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Determinants of Firm Growth: An Empirical Analysis from Morocco

Harabi, Najib (2005): Determinants of Firm Growth: An Empirical Analysis from Morocco.

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Abstract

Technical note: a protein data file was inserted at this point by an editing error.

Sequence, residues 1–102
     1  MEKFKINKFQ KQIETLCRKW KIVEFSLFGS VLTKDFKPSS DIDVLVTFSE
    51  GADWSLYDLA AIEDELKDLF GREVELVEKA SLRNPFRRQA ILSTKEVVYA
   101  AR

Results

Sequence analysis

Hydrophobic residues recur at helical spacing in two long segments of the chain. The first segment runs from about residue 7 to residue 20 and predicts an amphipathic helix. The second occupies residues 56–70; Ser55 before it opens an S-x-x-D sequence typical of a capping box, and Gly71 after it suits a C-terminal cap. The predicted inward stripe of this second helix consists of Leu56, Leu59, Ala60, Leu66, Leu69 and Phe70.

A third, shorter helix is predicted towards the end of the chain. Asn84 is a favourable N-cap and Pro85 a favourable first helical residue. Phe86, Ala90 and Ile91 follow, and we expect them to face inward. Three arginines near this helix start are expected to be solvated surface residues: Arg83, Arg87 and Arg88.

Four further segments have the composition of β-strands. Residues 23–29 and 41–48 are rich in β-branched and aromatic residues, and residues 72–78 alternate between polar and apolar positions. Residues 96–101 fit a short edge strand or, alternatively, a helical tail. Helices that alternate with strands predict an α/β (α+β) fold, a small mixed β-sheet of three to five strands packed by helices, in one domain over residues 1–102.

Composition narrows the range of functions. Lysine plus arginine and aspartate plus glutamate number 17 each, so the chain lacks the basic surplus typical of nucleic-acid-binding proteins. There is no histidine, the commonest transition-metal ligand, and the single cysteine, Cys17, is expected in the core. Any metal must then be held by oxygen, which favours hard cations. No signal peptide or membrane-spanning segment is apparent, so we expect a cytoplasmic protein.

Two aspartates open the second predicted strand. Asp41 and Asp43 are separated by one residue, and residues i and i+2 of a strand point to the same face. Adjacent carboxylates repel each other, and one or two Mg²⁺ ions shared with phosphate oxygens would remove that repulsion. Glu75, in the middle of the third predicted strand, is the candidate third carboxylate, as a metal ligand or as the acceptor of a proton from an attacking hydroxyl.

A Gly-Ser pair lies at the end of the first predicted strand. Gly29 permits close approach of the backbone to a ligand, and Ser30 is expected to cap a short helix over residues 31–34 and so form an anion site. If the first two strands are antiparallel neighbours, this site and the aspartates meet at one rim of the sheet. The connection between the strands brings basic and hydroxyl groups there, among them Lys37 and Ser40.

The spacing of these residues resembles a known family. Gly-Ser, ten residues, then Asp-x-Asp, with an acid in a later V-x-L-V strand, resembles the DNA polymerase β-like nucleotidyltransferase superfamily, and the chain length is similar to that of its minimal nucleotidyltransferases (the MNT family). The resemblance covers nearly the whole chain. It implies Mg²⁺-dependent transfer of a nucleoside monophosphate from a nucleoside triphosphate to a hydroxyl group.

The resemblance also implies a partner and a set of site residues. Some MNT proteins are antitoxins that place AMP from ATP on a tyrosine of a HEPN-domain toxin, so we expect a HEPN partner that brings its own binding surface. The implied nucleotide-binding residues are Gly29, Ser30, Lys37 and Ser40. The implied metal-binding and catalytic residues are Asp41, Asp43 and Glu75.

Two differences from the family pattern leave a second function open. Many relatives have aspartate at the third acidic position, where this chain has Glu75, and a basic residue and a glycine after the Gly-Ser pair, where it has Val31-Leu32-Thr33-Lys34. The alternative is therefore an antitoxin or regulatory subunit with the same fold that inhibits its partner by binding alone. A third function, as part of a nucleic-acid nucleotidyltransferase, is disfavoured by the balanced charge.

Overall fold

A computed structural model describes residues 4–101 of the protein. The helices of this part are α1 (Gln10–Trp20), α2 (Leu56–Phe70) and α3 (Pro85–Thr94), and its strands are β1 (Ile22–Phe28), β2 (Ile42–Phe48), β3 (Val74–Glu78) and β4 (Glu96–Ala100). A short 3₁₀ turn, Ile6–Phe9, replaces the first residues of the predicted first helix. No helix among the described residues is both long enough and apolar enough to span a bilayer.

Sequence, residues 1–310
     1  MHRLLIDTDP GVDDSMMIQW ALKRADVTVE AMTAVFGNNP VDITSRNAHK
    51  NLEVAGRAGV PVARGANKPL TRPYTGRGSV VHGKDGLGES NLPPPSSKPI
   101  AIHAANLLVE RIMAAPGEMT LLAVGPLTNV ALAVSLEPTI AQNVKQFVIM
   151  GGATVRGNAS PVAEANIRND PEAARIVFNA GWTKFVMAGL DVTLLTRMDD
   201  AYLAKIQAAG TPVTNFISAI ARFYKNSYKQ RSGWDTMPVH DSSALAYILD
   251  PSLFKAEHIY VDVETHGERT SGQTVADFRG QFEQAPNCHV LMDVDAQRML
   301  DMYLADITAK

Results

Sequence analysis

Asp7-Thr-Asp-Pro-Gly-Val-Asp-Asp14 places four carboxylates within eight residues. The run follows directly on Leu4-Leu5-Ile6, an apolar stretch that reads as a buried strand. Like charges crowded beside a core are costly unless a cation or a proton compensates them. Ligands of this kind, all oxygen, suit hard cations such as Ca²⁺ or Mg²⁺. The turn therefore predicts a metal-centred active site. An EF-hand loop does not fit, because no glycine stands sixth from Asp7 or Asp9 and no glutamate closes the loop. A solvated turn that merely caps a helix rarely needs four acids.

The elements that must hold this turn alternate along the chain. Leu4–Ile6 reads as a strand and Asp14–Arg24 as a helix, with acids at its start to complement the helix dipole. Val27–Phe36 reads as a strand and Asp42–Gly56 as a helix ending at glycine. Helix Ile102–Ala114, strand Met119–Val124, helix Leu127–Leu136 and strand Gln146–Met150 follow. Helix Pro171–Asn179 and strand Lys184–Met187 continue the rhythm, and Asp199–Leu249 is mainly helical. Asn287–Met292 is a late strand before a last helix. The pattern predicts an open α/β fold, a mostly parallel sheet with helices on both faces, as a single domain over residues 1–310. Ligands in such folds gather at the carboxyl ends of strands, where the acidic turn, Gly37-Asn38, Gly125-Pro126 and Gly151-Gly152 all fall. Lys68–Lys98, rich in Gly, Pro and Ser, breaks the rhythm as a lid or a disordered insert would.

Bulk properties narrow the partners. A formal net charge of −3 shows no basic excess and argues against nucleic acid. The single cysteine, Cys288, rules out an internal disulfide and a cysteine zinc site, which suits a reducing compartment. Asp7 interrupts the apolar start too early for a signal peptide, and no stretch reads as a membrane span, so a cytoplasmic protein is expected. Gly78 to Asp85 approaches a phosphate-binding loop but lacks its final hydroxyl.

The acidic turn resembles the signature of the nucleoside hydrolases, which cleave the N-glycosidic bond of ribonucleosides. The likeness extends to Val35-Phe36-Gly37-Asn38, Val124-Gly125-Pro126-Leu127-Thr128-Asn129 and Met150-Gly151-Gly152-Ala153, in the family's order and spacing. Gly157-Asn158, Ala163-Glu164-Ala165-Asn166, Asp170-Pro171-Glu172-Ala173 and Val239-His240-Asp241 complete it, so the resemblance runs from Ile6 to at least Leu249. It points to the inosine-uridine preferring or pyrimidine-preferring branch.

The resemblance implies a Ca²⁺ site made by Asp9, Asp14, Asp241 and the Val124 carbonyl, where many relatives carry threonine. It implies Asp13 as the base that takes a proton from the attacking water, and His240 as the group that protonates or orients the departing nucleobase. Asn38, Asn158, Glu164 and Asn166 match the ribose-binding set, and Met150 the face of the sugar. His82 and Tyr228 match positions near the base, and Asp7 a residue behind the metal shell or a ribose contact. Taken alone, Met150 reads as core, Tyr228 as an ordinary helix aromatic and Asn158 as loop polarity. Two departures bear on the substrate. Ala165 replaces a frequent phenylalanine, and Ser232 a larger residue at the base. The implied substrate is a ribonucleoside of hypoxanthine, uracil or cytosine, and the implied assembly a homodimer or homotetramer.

This paper views the economic growth experience in Morocco from the perspective of private firms. Using models of optimal firm size as a theoretical framework, the paper analyzes empirically the factors affecting the growth process of Moroccan private firms. The analysis is based on a field survey of 370 firms carried out under the auspices of the World Bank in 1998. The sample includes firms of different sizes, from more than 100 workers to 5 workers or fewer. It also covers all major economic sectors: manufacturing, construction, services, and commerce. The principal factors promoting firm growth are business strategies that are focused on product diversification and market share expansion; location in large urban centers; legal status as a limited liability company; the presence of price competition; presence in markets with high demand; and certain government policies such as labor regulations, anti-trust and environmental policy. The principal factors impeding firm growth are lack of access to qualified workers and managers; location in smaller population centers; and certain other government policies such as regulation of foreign trade and policies that promote domestic price volatility.

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